AstraZeneca partner adheres to two full dosing regimens in COVID studies in India



PUNE (Reuters) – Serum Institute of India, which is partnering with AstraZeneca to produce its COVID-19 vaccine, will continue to test a two full doses of the injection despite showing a lower success rate than a schedule with a half and full dose in crucial processes, a top executive told Reuters.

The British drug company has said that its COVID-19 vaccine can be up to 90% effective when given as a half dose followed by a full dose, but some scientists have questioned the robustness of that result, as only a few thousand people got that regime in late-stage British trials.

The worldwide studies showed that the efficacy of the injection was 62% when the full dose was given twice, as in most study participants in studies in Great Britain and Brazil. AstraZeneca has said it is likely to conduct an additional global trial to evaluate the lower-dose schedule. According to Dr. at SII.

“Anything above 50% will always be a plus,” Jadhav said in an interview Monday, referring to the efficacy rates. He added that changing the dosing schedule now would delay the trials.

According to Jadhav, who has been working on vaccines for more than four decades, a combination of two different measures could also complicate rapid distribution efforts.

“If it’s a very common dose, it gets very easy. Whether it’s the first dose or the second, it’s the same vaccine, the same dose, ”he said.

Last weekend, SII said it planned to apply for an emergency use permit for the vaccine in India in the next two weeks.

The 62% efficacy rate in AstraZeneca’s broader two full dose study is above the 50% that is the minimum required by US regulators to consider a drug for an emergency authorization.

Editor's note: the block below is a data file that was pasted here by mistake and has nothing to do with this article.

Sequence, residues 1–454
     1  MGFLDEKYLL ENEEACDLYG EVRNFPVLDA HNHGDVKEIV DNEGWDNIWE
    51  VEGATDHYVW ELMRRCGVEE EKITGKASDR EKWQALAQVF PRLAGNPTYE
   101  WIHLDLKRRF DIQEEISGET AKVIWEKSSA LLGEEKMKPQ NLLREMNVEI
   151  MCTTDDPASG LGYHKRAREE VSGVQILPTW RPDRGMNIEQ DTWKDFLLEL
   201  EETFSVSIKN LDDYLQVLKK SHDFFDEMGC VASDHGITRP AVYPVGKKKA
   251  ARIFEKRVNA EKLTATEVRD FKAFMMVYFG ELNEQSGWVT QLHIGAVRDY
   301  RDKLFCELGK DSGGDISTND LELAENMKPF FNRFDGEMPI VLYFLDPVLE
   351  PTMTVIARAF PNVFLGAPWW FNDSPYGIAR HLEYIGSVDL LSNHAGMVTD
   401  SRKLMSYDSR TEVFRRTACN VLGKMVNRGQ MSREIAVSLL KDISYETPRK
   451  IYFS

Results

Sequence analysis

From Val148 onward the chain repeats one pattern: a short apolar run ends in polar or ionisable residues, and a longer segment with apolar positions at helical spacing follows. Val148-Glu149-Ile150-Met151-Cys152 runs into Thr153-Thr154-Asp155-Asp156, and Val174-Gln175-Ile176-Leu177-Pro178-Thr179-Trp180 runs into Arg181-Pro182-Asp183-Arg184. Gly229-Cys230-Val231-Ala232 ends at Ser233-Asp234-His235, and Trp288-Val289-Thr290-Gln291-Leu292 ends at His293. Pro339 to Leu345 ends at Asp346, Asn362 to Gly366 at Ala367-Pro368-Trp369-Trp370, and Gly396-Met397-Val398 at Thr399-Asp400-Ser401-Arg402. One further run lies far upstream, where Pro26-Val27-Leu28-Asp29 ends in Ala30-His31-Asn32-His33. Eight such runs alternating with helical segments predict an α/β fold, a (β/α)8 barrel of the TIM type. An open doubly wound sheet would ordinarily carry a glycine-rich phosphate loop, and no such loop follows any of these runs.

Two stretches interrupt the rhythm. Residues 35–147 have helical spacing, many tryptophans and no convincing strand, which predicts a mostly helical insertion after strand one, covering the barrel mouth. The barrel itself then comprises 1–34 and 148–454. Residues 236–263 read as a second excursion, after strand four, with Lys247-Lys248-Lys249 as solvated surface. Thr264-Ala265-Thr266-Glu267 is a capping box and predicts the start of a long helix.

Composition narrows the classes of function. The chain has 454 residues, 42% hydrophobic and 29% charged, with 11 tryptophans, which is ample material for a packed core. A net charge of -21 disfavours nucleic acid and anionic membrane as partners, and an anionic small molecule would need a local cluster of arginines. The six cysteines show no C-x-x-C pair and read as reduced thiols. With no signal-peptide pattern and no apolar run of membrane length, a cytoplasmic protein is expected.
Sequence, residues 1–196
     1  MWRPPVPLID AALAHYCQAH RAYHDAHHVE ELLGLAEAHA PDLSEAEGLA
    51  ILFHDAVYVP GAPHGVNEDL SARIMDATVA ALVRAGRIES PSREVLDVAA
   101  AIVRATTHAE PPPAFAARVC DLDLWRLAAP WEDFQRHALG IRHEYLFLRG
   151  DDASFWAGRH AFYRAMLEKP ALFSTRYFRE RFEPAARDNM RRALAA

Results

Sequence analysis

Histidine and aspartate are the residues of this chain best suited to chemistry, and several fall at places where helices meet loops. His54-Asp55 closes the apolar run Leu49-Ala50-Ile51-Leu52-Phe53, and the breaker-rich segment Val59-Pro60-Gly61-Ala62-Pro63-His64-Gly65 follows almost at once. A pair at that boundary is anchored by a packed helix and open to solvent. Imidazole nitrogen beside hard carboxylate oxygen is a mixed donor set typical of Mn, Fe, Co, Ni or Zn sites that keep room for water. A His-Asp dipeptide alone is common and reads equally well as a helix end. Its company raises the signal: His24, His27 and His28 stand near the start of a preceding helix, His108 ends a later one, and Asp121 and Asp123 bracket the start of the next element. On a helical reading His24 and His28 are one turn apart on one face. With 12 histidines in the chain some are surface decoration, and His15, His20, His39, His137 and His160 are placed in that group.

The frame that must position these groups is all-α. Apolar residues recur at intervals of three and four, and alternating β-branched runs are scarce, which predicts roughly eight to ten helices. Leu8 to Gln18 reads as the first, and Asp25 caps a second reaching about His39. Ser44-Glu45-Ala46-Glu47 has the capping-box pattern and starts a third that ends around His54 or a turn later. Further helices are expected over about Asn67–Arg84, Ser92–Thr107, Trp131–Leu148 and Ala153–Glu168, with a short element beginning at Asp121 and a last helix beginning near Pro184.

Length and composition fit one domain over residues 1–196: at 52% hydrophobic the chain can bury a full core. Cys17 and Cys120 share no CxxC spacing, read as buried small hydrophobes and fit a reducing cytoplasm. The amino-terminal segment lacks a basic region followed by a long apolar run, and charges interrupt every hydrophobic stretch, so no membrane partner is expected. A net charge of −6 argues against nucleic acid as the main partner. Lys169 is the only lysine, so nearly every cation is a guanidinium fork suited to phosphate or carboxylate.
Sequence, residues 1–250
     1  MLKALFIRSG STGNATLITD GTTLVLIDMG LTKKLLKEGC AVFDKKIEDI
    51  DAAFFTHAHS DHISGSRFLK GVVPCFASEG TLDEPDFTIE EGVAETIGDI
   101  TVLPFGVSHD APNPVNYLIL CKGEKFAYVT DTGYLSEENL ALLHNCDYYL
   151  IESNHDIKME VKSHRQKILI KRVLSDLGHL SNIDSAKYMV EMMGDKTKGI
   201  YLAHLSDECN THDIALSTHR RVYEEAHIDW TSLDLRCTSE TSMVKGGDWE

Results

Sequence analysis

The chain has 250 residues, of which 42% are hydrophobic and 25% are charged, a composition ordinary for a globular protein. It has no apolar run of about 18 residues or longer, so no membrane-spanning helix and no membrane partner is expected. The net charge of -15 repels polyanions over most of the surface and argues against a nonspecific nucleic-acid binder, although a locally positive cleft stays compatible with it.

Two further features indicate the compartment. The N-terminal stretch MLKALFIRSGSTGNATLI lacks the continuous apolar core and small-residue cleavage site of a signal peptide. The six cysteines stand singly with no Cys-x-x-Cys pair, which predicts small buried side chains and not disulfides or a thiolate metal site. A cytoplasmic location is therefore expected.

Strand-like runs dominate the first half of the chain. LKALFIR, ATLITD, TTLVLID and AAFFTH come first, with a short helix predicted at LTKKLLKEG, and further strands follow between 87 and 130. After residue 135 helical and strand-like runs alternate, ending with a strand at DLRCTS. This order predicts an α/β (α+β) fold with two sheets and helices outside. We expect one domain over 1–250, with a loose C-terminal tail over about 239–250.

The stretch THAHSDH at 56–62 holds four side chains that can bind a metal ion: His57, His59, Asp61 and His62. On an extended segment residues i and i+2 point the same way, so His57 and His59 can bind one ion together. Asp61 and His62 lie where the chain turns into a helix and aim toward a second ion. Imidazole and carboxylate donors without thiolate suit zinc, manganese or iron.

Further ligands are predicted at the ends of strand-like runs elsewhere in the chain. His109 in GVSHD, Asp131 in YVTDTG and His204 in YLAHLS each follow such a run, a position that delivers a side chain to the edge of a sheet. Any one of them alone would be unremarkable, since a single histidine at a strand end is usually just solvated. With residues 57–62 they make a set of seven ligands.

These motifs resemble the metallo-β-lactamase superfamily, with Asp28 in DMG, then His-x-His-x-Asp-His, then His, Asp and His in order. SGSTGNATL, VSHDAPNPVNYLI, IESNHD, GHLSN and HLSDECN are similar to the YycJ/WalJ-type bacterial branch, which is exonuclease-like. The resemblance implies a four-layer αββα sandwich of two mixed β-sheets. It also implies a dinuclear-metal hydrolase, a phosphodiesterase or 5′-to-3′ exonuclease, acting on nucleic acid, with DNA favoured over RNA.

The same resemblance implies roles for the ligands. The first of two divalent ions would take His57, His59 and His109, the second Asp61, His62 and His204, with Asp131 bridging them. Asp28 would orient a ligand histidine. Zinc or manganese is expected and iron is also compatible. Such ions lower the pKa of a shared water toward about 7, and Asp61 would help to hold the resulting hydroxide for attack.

SII, based in the western city of Pune, is the largest producer of vaccines in the world by volume. In addition to AstraZeneca, it is also partnering with other companies to potentially manufacture their shots, including US biotech company Codagenix; its rival Novavax and Themis from Austria.

But in the global race to develop vaccines to beat the pandemic, AstraZeneca’s vaccine is at the forefront, despite lower efficacy than some rivals.

US drug makers Pfizer and Moderna have said their coronavirus vaccines have efficacy rates of 95% and 94.5%, respectively, but AstraZeneca’s drug is cheaper and easier to transport because it can be stored at normal refrigerator temperatures for long periods of time.

Those benefits are especially important to many developing countries and thus to SII. As part of a deal outlined in June, AstraZeneca has licensed SII to deliver one billion doses of its vaccine to dozens of low- and middle-income countries.

Most of the countries that are part of the COVAX Initiative, which was set up to provide COVID-19 vaccines to poorer countries, have indicated that they would accept and use a proven vaccine if it showed more than 50% efficacy, Jadhav said . .

Adar Poonawalla, the CEO of SII, said affordability, scalability, and ease of storage and transportation were key factors for India and other emerging economies in making decisions about large-scale vaccine purchases.

“You might as well not give a vaccine that cannot penetrate and be given to a large population to provide a high vaccination coverage at all,” Poonawalla told Reuters.

“If it’s not affordable and logistically transferable, even if it’s 110% effective, what’s the point?”

Reporting by Abhirup Roy and Euan Rocha; edited by Carmel Crimmins


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